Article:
Cox, 72, served less than 3 years on a 16-year sentence. The full story can be found at

©2001 In Fact News, Inc. All rights reserved.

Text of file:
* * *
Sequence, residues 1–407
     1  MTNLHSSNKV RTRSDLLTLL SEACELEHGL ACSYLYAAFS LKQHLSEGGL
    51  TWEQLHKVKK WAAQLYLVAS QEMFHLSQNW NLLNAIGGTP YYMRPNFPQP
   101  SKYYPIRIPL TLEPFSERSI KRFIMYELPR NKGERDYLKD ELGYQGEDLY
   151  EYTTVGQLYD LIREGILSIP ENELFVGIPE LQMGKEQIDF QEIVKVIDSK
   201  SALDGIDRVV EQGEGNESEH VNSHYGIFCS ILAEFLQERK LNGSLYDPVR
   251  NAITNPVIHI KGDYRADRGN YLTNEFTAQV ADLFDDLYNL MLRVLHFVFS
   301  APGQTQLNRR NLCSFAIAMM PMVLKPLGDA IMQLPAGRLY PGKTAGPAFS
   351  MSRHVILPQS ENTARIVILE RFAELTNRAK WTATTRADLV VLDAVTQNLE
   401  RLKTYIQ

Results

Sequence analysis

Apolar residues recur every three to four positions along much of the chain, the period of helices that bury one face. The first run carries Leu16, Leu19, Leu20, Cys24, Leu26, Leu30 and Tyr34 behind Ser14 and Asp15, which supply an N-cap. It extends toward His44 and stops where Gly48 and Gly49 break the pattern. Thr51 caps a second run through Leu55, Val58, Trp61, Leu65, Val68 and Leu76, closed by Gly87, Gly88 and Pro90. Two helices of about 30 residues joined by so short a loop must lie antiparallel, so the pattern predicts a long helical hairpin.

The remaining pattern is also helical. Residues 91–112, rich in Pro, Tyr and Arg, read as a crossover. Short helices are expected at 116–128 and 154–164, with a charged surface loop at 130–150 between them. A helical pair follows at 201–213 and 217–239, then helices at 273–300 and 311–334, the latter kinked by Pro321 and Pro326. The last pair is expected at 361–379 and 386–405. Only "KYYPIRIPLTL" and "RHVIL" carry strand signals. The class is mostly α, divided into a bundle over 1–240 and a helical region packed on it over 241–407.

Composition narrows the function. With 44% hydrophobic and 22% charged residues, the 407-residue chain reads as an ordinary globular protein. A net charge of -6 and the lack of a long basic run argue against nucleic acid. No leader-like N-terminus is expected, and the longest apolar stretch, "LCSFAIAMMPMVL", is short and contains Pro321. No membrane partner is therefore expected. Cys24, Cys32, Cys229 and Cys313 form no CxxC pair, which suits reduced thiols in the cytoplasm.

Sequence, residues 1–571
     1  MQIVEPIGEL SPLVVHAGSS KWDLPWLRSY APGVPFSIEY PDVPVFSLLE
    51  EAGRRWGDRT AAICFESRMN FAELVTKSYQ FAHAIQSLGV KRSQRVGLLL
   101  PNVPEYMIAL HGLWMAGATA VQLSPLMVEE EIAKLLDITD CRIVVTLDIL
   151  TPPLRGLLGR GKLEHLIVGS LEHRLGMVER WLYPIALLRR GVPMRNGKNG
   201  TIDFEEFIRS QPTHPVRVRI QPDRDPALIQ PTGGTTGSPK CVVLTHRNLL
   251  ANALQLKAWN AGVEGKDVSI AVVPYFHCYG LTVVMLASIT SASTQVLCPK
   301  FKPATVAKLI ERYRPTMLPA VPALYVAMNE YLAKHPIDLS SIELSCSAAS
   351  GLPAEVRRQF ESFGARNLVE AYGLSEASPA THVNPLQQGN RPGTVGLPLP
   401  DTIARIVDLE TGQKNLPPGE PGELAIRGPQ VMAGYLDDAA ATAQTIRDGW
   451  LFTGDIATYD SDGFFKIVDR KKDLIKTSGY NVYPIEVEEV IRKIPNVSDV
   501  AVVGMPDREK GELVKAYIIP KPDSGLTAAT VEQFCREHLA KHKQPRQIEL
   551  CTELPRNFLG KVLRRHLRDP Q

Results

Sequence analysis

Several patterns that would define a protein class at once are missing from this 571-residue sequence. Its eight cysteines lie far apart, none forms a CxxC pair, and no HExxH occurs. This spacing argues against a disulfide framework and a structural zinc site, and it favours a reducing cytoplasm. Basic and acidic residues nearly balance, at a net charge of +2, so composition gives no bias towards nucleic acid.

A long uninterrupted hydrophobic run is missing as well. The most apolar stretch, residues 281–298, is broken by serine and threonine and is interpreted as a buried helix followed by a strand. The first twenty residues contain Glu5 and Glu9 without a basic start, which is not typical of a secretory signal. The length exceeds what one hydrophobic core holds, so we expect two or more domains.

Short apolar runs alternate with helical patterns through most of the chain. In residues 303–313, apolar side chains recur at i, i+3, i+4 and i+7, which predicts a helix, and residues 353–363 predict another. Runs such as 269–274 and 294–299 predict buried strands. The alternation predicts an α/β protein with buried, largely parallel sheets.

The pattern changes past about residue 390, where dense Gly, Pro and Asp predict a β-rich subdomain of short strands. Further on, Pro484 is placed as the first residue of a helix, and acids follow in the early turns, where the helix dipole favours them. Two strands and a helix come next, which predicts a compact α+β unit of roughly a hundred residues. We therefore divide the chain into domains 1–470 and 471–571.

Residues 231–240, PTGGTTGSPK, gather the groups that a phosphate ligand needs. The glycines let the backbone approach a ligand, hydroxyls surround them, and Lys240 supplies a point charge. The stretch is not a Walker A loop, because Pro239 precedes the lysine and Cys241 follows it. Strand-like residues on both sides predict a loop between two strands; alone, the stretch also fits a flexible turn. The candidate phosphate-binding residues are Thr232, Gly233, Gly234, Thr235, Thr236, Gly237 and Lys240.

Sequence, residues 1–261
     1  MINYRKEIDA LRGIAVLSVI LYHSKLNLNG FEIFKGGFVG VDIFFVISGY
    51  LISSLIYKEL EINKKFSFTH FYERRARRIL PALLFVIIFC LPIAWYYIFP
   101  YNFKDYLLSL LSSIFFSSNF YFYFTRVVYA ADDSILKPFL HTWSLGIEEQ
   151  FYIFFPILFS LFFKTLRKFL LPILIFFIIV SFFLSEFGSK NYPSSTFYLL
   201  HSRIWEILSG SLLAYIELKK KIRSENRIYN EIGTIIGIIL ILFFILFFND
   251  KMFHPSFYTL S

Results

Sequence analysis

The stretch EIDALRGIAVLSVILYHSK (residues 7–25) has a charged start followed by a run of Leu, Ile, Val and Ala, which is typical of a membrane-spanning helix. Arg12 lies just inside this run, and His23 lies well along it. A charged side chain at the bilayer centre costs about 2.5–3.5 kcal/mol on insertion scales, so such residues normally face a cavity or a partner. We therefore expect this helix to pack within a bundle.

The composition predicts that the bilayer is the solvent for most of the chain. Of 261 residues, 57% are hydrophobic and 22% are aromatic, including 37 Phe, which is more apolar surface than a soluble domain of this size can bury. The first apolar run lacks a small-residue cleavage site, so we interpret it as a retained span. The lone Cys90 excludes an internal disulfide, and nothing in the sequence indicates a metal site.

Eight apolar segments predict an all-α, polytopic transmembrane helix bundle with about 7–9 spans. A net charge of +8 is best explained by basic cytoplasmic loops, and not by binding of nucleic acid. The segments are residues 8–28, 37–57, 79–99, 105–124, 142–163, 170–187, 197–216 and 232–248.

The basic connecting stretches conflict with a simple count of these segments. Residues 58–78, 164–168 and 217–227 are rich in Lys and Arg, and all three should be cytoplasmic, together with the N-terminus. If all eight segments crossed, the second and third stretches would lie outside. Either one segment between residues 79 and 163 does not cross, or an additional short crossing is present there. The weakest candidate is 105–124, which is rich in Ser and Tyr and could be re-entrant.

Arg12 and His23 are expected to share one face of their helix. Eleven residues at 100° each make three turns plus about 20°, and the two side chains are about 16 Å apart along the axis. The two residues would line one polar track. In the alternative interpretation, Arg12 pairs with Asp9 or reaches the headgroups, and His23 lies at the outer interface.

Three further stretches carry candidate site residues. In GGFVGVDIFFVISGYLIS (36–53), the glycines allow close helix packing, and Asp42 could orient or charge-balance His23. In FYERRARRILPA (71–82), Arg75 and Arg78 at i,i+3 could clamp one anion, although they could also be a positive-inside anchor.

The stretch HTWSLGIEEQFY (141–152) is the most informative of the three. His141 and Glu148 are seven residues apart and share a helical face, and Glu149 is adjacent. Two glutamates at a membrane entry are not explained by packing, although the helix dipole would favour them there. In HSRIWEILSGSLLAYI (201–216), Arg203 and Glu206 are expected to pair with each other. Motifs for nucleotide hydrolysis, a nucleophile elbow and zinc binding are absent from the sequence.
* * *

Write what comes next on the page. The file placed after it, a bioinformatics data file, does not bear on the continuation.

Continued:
What’s in a name . . . The City Council blessed City Manager Jesus Garza’ s reorganization of the Development Review and Inspection Department, the Watershed Protection Department, and the Planning, Environmental and Conservation Services Department Thursday, but got hung up on what to name two of the new entities. Council Members readily agreed to call one new department Watershed Protection and Development Review. However, Austan Librach’s new combination of duties caused more consternation. Staff had suggested that the new name be Transportation, Planning and Design. Council wanted to maintain either an emphasis on conservation or an emphasis on sustainability. After several minutes of brainstorming, the Mayor said he thought the process might be done better off the dais. However, everyone’s new duties were approved, even if they can’t yet order the stationery . . . Piling on the Bradley bill . . . On Thursday, Clean Water Action joined the list of local organizations opposed to developer Gary Bradley’s plan for a development district with condemnation powers in Hays County. Council Member Beverly Griffith requested that the City Manager direct city staff to analyze five aspects of the legislation, including traffic and environmental impact. She also requested that the analysis be provided to the Council at least five work days prior to Council consideration of Bradley’s request for the city’s authorization to proceed with the legislation. Council will meet on April 5, 19 and 26 next month . . . National Library Week . . . April 1-7 is National Library Week, during which libraries hope to remind the public of their importance in literacy, information and entertainment. Current library customers may return overdue items without paying late fees when they apply for the new Library Star Card.